DHR 778

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Darjeeling Himalayan Railway 19
(All-India No. 778)
DHR 778 05-05-01 15.jpeg
No. 778 hauling a train on the Ffestiniog Railway
Type and origin
Power type Steam
Builder Sharp, Stewart & Co.
Serial number 3518
Specifications
Configuration:
 • Whyte 0-4-0ST
 • UIC B n2t
Gauge 2 ft (610 mm)
Driver dia. 26 in (0.660 m)
Axle load 7.75 long tons (7.87 t)
Loco weight 14 long tons (14 t)
Firebox:
 • Firegrate area
9 sq ft (0.84 m2)
Boiler pressure 140 psi (0.97 MPa)
Heating surface 316 sq ft (29.4 m2)
Superheater None
Cylinders Two, outside
Cylinder size 11 in × 14 in (279 mm × 356 mm)
Performance figures
Tractive effort 7,750 lbf (34.47 kN)
Career
Operators
Class DHR B Class
Number in class 3rd of 34
Numbers 19, 778 in all-India scheme of 1957
Withdrawn 1960
Disposition Preserved in Great Britain
DHR19 in the station at Leighton Buzzard.

DHR Locomotive number 778 was built for the Darjeeling Himalayan Railway. Nicknamed the "Toy Train", the railway is a 2 ft (610 mm) gauge narrow-gauge railway from Siliguri to Darjeeling in West Bengal, run by the Indian Railways.

DHR 778 is a 0-4-0ST B Class, a design built between 1889 and 1927. A total of 34 were built. By 2005 only 12 remained on the railway and in use (or under repair). The B class locomotives were designed by Sharp Stewart & Co. of Glasgow and built by them, their successors North British Locomotive Company (NBL, Glasgow), and three each by Baldwin Locomotive Works (BLW, Philadelphia, USA), and the DHR works at Tindharia.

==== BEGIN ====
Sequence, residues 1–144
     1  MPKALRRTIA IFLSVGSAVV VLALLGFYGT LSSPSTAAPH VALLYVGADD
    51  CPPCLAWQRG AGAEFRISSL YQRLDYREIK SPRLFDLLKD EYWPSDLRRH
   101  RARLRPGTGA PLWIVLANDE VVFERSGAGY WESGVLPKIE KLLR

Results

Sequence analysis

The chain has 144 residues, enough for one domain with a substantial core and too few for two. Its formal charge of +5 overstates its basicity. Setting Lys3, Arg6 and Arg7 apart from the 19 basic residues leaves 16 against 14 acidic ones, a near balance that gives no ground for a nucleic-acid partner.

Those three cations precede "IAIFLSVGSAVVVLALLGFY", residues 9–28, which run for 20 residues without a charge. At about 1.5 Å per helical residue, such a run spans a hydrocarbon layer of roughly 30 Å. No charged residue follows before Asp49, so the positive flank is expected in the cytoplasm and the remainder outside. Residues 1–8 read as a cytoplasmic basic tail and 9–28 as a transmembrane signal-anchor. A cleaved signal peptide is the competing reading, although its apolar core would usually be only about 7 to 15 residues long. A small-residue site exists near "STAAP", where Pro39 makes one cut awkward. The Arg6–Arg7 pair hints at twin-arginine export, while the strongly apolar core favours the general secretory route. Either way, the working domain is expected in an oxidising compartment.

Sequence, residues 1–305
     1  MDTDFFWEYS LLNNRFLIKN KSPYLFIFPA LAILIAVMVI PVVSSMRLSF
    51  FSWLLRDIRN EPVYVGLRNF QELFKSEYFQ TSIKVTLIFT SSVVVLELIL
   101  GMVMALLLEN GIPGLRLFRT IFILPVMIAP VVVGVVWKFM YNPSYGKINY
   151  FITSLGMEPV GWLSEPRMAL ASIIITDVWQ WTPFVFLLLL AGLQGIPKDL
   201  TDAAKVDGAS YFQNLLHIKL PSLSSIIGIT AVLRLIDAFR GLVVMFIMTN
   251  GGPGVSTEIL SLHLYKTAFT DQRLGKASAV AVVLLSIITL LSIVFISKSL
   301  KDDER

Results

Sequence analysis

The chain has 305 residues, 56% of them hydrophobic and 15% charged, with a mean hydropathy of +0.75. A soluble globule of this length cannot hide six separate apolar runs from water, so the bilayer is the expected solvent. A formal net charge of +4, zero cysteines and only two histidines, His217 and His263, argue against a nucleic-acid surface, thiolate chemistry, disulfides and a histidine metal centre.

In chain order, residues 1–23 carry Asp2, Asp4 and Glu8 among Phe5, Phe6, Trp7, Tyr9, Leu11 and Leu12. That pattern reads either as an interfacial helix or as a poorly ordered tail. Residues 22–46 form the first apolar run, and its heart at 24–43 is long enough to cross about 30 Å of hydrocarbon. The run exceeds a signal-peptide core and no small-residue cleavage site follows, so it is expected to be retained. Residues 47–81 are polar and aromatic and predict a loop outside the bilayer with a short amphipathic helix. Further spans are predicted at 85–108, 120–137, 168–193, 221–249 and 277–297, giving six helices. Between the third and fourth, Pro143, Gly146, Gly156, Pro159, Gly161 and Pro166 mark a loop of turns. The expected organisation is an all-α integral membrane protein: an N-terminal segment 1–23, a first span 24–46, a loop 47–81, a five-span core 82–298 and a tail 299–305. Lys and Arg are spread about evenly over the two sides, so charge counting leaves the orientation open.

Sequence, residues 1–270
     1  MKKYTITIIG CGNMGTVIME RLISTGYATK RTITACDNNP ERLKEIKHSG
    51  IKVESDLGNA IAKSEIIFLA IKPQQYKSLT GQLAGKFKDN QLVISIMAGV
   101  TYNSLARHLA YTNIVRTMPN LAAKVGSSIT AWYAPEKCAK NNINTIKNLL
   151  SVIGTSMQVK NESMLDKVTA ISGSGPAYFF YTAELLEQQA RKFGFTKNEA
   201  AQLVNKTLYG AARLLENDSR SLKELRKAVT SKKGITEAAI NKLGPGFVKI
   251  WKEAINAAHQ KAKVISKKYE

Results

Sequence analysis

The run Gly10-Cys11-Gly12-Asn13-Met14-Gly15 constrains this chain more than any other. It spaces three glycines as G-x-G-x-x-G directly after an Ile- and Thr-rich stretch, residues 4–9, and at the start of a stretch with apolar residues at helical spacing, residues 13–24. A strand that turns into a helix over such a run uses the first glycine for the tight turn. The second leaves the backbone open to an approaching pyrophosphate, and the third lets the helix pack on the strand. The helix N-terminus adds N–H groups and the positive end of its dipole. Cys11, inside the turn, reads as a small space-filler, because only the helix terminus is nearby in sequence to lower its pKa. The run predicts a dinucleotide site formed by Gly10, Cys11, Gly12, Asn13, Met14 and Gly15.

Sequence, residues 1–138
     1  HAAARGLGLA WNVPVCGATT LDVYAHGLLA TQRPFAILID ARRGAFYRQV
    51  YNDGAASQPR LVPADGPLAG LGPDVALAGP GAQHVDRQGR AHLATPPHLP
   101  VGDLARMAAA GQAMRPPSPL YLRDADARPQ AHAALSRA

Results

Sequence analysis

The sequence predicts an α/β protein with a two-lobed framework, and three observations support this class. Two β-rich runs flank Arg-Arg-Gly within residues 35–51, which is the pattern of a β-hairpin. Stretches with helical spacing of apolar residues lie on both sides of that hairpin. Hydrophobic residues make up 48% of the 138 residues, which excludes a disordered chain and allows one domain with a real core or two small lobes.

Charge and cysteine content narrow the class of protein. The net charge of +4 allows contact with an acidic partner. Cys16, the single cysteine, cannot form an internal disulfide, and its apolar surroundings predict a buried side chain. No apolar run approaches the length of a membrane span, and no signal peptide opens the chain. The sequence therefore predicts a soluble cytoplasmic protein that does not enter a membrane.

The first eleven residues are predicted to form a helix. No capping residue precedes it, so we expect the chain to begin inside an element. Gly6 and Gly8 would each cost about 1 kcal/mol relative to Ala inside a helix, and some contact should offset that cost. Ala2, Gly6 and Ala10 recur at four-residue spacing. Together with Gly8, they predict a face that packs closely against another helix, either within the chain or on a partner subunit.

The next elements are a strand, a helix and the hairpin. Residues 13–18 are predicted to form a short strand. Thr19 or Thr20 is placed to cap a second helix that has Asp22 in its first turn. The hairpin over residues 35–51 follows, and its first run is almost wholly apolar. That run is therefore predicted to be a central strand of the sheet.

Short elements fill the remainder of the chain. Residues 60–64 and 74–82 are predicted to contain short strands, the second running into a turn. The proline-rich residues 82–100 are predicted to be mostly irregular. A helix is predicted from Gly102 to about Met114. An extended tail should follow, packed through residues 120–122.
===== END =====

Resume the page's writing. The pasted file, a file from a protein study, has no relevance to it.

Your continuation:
Number 778 (originally No.19) was built in 1889 by Sharp Stewart & Co at the Atlas Works in Glasgow. It is the only DHR locomotive that has been taken out of India. After many years out of use at the Hesston Steam Museum, it was sold to enthusiast Adrian Shooter in the United Kingdom and restored to working order. As of 2009, it is based on Beeches Light Railway, a private railway in Oxfordshire, and has also run on the Ffestiniog Railway, the Leighton Buzzard Light Railway and the Launceston Steam Railway.

In 2013, locomotive 778 ran as a part of Indian Extravaganza Fest in the serene county of Bedfordshire in East England.[1]

References[edit]

  • Hughes, Hugh & Jux, Frank (1980). Steam Locomotives in India. Part 1 – Narrow Gauge. Harrow, Middlesex: Continental Railway Circle. pp. 69, 79, 87. ISBN 0-9503469-5-0.